Viewing entries tagged with 'new zealand fiction'
Sita is on a zero-hours cleaning contract and is the only wage earner in her family. Her husband, Thiru, is currently only able to contribute a Work and Income benefit, and her son, Satish, is still at school. So, when her boss demands she turn up for work in Wellington, despite a cyclone, road closures and no public transport, she leaves Naenae and heads South.
Isabeau Martin is a lonely, insecure woman whose life has been shaped by a deserting father and chronically depressed mother. She is asthmatic and grew up with the standing stones of Carnac as her only friends, avoiding other children, and sharing her thoughts with a massive menhir called the Manio giant. After her father left, her mother took Isabeau away from Carnac. At the start of this novel she has returned after her mother’s death and taken up the post of the Carnac Deputy Postmaster. She is still shy, reclusive and asthmatic, and hoping to discover what happened to her father.
Dame Ngaio Marsh wrote the first few chapters, the title and the timeframe for this novel, which is set in New Zealand during the Second World War, and Stella Duffy has solved the crime and completed the novel for publication. And you would be hard pressed to find where one stops and the other starts.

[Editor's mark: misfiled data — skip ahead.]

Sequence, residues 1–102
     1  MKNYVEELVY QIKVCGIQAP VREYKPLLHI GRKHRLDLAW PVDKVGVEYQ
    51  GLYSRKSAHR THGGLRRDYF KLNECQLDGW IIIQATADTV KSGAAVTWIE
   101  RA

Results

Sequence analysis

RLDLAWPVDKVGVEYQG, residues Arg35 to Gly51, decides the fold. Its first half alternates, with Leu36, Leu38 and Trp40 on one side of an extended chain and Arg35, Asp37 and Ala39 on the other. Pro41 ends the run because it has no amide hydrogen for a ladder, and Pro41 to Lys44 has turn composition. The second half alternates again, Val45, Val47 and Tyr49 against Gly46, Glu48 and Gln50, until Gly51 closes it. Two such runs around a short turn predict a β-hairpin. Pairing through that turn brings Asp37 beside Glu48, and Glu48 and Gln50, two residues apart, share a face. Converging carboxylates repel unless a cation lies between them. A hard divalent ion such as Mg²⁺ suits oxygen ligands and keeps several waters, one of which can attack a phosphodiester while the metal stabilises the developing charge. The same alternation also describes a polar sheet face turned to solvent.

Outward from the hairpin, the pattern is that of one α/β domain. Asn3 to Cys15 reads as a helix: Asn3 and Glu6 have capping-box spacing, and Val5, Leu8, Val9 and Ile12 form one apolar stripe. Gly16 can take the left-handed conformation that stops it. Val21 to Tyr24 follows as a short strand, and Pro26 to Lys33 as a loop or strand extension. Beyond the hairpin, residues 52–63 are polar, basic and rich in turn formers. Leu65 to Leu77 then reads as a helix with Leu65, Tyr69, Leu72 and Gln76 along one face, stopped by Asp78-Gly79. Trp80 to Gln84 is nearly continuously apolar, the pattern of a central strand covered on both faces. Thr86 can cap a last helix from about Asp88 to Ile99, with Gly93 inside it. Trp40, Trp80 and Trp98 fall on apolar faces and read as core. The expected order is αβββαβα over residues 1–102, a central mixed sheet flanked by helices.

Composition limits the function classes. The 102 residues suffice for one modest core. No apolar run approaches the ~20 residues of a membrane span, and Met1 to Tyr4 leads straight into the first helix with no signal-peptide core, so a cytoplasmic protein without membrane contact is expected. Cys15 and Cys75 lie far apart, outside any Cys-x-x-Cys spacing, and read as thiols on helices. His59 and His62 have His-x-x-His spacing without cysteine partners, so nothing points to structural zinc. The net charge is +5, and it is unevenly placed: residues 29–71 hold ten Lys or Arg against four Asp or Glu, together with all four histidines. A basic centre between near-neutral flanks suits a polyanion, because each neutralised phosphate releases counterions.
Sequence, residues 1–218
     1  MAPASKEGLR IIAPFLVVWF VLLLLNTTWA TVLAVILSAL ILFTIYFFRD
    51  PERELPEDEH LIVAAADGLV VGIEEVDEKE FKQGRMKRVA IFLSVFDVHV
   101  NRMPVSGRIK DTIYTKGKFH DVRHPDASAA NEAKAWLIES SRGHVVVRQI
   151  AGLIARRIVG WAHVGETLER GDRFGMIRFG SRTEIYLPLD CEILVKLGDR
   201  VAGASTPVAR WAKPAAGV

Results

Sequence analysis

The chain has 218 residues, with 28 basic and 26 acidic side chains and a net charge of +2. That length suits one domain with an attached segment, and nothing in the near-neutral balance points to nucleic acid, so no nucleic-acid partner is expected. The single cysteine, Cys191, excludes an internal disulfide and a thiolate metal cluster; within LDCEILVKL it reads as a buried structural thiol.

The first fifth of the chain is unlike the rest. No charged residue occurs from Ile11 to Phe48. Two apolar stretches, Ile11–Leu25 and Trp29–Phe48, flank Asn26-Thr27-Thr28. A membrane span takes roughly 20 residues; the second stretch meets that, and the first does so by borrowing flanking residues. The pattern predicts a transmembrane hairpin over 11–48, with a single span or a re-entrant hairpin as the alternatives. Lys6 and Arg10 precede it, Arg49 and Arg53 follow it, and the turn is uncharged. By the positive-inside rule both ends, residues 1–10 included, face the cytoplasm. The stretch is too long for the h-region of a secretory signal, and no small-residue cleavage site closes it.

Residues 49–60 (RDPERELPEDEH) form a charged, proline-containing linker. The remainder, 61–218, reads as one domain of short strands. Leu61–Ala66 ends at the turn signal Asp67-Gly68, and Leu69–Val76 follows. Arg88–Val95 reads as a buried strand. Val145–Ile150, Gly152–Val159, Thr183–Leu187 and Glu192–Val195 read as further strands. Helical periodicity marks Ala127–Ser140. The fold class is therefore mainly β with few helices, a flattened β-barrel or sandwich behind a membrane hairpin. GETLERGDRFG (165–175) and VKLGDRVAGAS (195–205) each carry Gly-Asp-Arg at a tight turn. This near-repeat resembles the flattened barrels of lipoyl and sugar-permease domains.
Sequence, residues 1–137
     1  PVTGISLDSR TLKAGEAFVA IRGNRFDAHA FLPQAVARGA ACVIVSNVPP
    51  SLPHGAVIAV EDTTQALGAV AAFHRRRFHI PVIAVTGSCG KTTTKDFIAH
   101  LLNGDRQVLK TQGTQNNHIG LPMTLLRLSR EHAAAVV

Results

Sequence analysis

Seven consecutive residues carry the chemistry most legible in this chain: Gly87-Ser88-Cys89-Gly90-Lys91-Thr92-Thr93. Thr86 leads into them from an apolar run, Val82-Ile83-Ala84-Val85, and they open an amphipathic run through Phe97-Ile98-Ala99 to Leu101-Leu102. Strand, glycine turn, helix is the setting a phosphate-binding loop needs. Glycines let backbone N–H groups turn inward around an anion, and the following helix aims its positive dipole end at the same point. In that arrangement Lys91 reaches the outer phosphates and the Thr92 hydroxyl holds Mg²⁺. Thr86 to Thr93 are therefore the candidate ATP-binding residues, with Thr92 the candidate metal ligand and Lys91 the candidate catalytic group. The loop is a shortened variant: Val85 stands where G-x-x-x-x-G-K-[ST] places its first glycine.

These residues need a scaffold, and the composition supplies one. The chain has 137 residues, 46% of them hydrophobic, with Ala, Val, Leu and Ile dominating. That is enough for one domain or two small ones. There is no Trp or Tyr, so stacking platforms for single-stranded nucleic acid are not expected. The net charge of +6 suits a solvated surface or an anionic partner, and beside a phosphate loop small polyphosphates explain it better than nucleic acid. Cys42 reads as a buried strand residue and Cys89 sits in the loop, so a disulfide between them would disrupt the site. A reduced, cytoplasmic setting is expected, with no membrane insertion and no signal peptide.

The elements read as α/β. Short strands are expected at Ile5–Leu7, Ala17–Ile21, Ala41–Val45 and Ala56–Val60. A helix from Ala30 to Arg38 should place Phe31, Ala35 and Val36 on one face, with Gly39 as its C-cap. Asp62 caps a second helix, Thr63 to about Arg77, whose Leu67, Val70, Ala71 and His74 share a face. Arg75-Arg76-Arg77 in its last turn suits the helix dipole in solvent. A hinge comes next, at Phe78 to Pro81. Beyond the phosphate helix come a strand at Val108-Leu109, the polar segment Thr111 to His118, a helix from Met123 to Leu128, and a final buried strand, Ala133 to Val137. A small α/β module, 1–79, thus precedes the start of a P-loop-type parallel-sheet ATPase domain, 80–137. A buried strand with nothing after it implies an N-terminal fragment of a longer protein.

“And it’s like: you know on kind of a formal level that there’s laws, but then when you’re actually on the street and see it through their eyes, you realise it’s just dog-eat-dog, same as everything else” – even the cops don’t have a clear line on right and wrong in Ben Sanders’ latest novel, The stakes, and most of his characters are conflicted, confused and making their moves “So you feel the strange weight of the strange moment”.